Great Ocean Road region mayors say they are open to a proposal to use a parking permit scheme to manage the millions of tourists who visit each year.
Polwarth MP Richard Riordan proposed a parking permit policy set up by the Corangamite, Colac Otway and Surf Coast shires that would allow better infrastructure to be set up while ensuring funds stay in the region.
The MP said a permit system would mean visitors to the region would pay for the use of facilities, and result in a better tourism experience.
Corangamite Shire mayor Jo Beard said she looked forward to hearing more about the proposal – which she described as promising – but would need more details.
“Any way of having revenue remaining in our region to then reinvest into the visitor experience would be a good outcome,” Cr Beard said.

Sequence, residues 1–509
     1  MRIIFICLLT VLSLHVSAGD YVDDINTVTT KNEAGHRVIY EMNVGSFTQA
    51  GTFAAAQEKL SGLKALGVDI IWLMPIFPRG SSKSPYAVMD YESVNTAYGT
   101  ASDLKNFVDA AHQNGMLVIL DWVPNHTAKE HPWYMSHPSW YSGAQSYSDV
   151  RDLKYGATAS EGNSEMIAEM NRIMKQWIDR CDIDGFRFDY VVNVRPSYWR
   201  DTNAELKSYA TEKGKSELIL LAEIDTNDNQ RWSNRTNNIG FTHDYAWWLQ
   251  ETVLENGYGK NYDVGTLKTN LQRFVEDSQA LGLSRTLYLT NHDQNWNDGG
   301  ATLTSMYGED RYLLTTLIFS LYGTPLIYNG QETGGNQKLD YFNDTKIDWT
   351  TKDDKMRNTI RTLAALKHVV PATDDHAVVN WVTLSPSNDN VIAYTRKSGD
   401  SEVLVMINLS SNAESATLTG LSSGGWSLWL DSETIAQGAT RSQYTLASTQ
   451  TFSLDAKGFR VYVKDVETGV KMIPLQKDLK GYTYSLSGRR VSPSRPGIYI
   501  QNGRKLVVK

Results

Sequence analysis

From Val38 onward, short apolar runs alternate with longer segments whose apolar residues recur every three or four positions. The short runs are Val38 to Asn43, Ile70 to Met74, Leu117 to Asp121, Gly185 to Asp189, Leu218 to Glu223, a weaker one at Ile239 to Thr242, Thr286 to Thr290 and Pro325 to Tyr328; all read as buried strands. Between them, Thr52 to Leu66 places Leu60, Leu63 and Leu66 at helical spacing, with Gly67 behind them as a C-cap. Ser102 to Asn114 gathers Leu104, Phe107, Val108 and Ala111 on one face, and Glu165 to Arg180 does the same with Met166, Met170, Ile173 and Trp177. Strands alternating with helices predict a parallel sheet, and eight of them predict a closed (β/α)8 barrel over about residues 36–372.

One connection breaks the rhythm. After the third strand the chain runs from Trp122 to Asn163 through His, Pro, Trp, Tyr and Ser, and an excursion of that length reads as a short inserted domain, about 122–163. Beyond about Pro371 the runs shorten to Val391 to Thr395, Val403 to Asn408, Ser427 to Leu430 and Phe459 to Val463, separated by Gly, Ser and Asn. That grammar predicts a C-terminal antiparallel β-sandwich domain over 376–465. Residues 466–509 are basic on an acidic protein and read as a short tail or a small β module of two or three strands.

“In the past it has been recognised there is potential to raise some revenue, whether that be through car parking, entry fees or even expenses at certain location."
Cr Beard said the Shipwreck Coast Masterplan was part of the solution, and it was important for councils to work together.
“Ultimately our region and our councils need to be able to somehow benefit from the visitors coming to our region, and (make sure) all the money isn’t just absorbed straight back into state government,” she said.
Colac Otway Shire mayor Chris Potter said he welcomed discussion and proposals in relation the Great Ocean Road issues, and was willing to work with other councils.
“Before we can charge buses to park, we’ve have to have somewhere for them to park,” Cr Potter said.
“Colac Otway Shire has budgeted to undertake a bus parking strategy for our part of the Great Ocean Road. We’re seeking matching funding from the federal government. In lots of cities across the world, people have to pay to see the attractions. Maybe it’s time we seriously thought about that.”
Surf Coast Shire mayor Brian McKiterick said he would be keen to investigate the process and understand the “nuts and bolts” of a permit scheme, including implementation and possible flow-on effects.
“The shire welcomes those ideas, but we’re mindful of getting a structure around it to ensure that it’s workable,” Cr McKiterick said.